MTV, also known as Music Television, is arguably a shadow of its former self. It used to be the only way to watch music videos for free. Now it’s a hub where reality shows reign supreme over music videos, for digital spy and Drag the bean.
However, as the name suggests, it was the go-to channel at the time, long before Backstreet Boys music videos were featured on the TV channel’s schedules.
This is the story of MTV’s early years.
MTV and the Buggles
MTV first launched as a cable television channel on August 1, 1981, in parts of New Jersey, according to Story. At the time, the television channel’s programming consisted of basic music videos introduced by video jockeys and provided free of charge by record companies.
At the time, music videos were thumbnail films and performance clips built around singles by pop and rock bands, for Grunge. Although they’ve been around since the 1970s, with MTV being the first and only cable TV channel to air them.
The reason for this free access was because they did not believe in the power of television at a time when radio was the primary media provider. However, that didn’t stop a few companies that were willing to give the new TV channel a chance.
The first music video released by MTV was the Buggles’ “Video Killed the Radio Star”, which was introduced to the world by one of MTV’s creators, John Lack, with the words “Ladies and gentlemen, rock and roll”.
However, that was something that almost didn’t happen. MTV program director Steve Casey said in the book “I Want My MTV” that no one wanted to kick off with “Video Killed the Radio Star” because everyone wanted to kick off with a hit. However, Casey thought otherwise, saying “Nobody’s going to watch. It’s symbolic.”
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The Buggles’ song was indeed symbolic. The British-born band were a New Wave duo with a “futuristic sensibility”, the music video being the result of a dream of its bassist, Trevor Horn.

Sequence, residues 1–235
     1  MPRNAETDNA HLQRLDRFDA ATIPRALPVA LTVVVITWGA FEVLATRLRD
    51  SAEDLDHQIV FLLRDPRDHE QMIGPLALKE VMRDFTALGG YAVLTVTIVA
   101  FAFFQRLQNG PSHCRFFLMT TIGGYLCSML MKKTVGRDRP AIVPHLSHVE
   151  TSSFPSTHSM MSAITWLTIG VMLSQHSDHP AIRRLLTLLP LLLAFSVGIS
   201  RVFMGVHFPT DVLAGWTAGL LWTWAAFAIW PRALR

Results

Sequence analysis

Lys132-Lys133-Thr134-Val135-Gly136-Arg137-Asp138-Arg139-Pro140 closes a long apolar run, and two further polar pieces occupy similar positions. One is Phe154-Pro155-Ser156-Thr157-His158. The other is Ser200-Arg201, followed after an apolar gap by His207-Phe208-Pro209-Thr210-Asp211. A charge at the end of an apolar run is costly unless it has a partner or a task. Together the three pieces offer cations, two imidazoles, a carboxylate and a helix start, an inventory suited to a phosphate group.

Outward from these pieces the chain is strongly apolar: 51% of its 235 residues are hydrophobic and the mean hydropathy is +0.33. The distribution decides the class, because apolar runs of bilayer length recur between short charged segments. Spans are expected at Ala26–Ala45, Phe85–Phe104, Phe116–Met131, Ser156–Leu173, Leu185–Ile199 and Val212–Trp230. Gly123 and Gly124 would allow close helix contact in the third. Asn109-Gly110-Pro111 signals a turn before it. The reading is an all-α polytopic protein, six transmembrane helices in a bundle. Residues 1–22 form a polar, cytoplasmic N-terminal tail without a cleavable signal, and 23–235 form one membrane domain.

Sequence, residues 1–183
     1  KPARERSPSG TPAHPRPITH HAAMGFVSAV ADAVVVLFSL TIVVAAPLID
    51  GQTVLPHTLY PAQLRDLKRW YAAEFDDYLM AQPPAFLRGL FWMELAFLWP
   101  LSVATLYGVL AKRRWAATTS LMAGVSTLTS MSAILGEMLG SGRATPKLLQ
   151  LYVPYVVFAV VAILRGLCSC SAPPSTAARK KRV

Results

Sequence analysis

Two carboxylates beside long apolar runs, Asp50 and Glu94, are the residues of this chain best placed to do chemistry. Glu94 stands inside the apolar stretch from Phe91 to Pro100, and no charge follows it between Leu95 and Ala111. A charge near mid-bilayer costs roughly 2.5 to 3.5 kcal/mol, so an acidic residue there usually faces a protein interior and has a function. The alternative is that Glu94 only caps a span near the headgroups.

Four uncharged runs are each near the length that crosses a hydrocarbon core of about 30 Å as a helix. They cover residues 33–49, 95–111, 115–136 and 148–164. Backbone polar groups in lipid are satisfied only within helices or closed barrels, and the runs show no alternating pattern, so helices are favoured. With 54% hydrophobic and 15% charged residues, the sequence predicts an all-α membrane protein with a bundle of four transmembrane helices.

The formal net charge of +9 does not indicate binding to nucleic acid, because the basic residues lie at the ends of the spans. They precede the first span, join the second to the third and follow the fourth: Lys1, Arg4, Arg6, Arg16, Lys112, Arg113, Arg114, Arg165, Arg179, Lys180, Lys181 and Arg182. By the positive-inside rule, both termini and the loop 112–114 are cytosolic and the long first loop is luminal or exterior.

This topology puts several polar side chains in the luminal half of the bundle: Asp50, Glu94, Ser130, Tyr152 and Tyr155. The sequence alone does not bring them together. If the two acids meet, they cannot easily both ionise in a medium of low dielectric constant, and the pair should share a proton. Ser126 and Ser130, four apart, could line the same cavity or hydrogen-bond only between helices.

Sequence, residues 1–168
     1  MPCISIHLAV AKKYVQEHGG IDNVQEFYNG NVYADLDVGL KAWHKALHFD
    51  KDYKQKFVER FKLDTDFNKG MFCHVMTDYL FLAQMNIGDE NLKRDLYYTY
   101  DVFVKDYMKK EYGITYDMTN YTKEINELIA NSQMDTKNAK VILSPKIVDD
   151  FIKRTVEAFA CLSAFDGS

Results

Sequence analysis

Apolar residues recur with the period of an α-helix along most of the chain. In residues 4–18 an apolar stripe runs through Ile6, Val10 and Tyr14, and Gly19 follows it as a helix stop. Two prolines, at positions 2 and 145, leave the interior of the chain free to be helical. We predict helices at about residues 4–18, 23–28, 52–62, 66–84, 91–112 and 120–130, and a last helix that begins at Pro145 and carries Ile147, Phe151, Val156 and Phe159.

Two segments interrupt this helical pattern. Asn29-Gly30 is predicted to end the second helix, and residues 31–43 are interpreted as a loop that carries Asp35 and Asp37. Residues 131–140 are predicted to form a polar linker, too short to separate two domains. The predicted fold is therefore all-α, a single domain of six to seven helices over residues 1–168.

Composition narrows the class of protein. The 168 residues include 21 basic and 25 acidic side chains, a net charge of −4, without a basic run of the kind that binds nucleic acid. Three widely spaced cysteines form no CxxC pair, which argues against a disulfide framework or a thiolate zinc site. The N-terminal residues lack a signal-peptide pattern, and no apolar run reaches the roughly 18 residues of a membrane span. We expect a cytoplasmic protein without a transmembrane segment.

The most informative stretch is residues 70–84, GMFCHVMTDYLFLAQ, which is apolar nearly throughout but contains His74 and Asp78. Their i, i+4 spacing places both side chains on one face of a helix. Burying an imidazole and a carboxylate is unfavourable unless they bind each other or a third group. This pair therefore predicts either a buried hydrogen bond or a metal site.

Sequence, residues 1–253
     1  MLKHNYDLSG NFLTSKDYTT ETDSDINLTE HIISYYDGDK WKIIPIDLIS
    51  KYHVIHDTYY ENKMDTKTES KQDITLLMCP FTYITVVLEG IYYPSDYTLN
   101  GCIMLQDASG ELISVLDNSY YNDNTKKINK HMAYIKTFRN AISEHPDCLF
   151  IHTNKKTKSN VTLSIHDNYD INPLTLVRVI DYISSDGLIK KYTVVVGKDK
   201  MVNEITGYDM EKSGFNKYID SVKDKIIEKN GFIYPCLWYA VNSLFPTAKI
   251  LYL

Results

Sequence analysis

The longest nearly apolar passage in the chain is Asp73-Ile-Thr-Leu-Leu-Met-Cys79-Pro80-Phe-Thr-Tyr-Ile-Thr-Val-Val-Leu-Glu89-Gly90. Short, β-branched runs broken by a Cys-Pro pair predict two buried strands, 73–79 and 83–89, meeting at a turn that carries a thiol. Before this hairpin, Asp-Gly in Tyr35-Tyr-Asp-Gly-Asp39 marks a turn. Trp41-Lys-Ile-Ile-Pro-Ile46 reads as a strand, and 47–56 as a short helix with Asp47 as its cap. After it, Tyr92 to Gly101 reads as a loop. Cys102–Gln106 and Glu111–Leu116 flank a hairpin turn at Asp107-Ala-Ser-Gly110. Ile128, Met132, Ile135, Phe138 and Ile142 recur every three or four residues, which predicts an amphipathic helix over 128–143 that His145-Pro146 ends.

Horn mentioned that he had a “vision of the future” where record companies would have computers in the basement and make artists. He then envisioned the band as an anonymous robotic version of the Beatles, but with oversized pairs of glasses that made them look wide-eyed.
Making the music video was chaotic and expensive, with the shoot costing $50,000 and taking an entire day to film. Interestingly, future Oscar-nominated composer Hans Zimmer appeared in the music video.
The chaotic part was due to two things: the group that blew up a TV (which viewers later complained was too violent) and a test tube that tipped over when it shouldn’t have. do it while filming.
What happened next ?
Unfortunately, MTV hit a snag on its first run. Right after Lack said his line, MTV experienced glitches and errors serious enough to delay the airing of “Video Killed the Radio Star” by showing edited footage of the 1969 moon landing while playing its theme music from network. It was then followed by a myriad of errors that would make the TV channel look amateurish.
However, the channel’s management persevered. In the late 80s, MTV was already heralded as a cultural frontier and taste pusher with the release of Madonna’s hit single “Like a Prayer”. It even aired documentaries, news, game shows and public service campaigns on voting rights and safer sex.
He eventually became successful enough to air his first popular reality series “The Real World” in 1992.
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